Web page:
Deep-sea study of the Earth’s crust receives $1.65 million NSERC-CREATE grant

Posted on Thursday, June 4, 2020

Professor Mark Hannington maps the site of an active volcano in the Atlantic Ocean from a submarine

Professor Mark Hannington maps the site of an active volcano in the Atlantic Ocean from a submarine belonging to GEOMAR, a marine research institute based in Germany. Photo credit : GEOMAR

To address the challenges of a dwindling global supply of energy and mineral resources, Professor Mark Hannington of the University of Ottawa’s Department of Earth and Environmental Sciences has set his sights on the bottom of the ocean.

Hannington and his team have just received a $1.65-million Collaborative Research and Training Experience (CREATE) grant from the Natural Sciences and Engineering Research Council of Canada (NSERC) to train dozens of graduate students and postdoctoral fellows from Canada and Germany over the next six years. The students will take part in expeditions at sea and on land around the world and benefit from the expertise of leading researchers in geodynamics and georesources, while receiving hands-on training in the application of marine technology.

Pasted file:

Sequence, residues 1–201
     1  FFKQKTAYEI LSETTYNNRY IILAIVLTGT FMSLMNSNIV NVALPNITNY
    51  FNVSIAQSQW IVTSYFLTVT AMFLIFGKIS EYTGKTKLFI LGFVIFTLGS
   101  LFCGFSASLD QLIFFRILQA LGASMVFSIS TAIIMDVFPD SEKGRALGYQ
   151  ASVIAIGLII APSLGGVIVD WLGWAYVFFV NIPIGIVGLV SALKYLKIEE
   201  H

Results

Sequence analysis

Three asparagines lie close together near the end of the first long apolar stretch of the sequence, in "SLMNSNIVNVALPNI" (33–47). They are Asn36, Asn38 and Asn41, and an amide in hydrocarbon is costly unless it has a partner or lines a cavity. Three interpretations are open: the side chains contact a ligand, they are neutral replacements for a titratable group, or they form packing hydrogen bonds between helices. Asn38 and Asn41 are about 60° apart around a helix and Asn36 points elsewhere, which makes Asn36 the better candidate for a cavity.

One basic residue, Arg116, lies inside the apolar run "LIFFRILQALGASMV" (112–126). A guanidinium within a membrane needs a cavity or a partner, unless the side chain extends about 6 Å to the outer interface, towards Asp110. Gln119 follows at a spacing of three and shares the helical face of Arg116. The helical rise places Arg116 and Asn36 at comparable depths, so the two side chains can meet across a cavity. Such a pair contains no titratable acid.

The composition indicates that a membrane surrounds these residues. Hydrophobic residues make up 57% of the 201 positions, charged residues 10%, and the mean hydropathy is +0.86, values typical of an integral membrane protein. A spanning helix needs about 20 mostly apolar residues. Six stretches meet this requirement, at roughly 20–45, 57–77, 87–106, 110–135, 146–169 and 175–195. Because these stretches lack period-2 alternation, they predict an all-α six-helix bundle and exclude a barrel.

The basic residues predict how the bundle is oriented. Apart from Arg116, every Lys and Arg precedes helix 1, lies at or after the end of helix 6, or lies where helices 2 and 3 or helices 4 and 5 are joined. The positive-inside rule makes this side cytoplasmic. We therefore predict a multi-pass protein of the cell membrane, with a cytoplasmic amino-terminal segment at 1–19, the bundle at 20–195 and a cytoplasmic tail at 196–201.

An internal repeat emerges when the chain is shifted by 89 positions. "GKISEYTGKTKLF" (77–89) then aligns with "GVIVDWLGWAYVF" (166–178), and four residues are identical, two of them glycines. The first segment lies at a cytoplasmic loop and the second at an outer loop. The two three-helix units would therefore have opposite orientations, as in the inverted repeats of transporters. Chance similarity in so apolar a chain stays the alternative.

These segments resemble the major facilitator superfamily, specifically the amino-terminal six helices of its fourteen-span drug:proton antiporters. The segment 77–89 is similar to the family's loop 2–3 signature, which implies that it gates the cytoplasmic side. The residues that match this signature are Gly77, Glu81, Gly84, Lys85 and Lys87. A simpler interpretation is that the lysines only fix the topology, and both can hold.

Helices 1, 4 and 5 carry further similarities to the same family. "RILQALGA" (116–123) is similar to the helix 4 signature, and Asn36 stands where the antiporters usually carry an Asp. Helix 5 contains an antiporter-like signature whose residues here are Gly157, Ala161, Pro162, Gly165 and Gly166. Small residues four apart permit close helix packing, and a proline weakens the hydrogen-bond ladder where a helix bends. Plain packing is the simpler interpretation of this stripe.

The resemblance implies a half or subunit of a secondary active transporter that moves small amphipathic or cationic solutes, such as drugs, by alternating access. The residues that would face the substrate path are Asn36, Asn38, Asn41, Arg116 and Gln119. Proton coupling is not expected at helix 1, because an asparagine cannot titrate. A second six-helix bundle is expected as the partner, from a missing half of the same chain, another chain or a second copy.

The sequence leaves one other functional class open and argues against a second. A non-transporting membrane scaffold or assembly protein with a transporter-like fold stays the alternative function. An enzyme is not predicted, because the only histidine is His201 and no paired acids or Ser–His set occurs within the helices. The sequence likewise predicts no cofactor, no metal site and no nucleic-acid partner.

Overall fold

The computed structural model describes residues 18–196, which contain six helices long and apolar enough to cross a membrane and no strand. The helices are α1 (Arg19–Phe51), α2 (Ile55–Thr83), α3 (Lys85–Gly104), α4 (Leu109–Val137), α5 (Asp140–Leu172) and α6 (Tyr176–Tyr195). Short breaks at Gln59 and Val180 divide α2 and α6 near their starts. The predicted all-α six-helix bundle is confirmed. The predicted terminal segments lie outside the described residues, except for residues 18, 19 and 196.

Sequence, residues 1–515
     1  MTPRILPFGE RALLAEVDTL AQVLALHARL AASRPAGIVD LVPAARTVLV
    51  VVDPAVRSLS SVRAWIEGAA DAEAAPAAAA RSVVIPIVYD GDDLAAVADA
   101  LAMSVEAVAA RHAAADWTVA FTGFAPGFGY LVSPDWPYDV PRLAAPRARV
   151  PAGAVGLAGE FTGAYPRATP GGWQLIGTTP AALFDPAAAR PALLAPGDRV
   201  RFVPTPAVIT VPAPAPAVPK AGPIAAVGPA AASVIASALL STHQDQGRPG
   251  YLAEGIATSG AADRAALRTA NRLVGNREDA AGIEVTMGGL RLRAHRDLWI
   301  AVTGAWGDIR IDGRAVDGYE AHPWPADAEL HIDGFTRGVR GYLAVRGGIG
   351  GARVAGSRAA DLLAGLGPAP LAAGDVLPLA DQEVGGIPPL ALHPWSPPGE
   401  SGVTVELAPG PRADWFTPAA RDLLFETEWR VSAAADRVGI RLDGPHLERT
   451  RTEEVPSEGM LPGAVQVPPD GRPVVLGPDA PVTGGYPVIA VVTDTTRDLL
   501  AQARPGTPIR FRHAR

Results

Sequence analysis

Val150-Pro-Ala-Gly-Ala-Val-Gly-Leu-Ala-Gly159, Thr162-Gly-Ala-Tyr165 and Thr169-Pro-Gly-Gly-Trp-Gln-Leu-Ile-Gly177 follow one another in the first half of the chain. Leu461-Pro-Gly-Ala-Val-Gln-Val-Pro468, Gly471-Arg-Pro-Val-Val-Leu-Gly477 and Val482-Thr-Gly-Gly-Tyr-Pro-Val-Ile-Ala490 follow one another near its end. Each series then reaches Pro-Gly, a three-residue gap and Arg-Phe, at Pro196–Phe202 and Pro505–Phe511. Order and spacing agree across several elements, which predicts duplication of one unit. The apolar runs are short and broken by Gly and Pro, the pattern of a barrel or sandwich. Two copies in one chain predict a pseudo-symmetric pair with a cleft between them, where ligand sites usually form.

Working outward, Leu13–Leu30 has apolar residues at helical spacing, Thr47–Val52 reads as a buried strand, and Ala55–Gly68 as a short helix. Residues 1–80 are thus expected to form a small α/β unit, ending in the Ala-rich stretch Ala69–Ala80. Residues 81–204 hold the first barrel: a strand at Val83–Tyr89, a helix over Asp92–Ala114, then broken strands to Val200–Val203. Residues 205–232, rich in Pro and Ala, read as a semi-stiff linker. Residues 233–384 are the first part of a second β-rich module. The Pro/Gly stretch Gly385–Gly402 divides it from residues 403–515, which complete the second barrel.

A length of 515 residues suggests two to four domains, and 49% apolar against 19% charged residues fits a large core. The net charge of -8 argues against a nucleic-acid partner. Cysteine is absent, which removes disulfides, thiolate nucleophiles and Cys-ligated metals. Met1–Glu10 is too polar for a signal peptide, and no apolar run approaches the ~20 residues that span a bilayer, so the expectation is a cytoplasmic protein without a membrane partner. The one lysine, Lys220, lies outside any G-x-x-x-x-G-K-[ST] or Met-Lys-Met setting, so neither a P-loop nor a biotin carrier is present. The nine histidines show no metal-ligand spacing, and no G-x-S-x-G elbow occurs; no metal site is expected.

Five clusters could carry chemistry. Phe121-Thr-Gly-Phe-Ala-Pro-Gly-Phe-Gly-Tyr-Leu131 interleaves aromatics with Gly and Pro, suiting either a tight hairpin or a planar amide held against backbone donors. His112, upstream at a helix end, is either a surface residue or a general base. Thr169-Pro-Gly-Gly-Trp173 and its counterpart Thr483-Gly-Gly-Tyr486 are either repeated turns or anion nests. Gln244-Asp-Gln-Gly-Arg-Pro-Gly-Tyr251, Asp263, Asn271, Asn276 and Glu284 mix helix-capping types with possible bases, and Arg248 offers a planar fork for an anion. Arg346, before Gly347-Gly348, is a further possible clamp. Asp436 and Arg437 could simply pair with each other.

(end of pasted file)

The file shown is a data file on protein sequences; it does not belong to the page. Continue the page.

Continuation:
Along with an international team of land-based geologists and marine scientists, Hannington is looking for clues about the origins of the Earth’s crust and the resources it contains by probing plate tectonics in the deep-sea environment. A better understanding of the Earth’s crust as it currently forms in the oceans may lead to the discovery of resources on land.

“The University of Ottawa applauds Professor Hannington’s leadership in coordinating an international research and training collaboration of such magnitude,” said Sylvain Charbonneau, vice-president, research. “Thanks to the CREATE program, this exceptional immersive training initiative will help develop the highly skilled geoscientists of tomorrow, who will be vital to maintaining Canada’s prominence in the natural resources sector.”

Learn more about the NSERC CREATE program.

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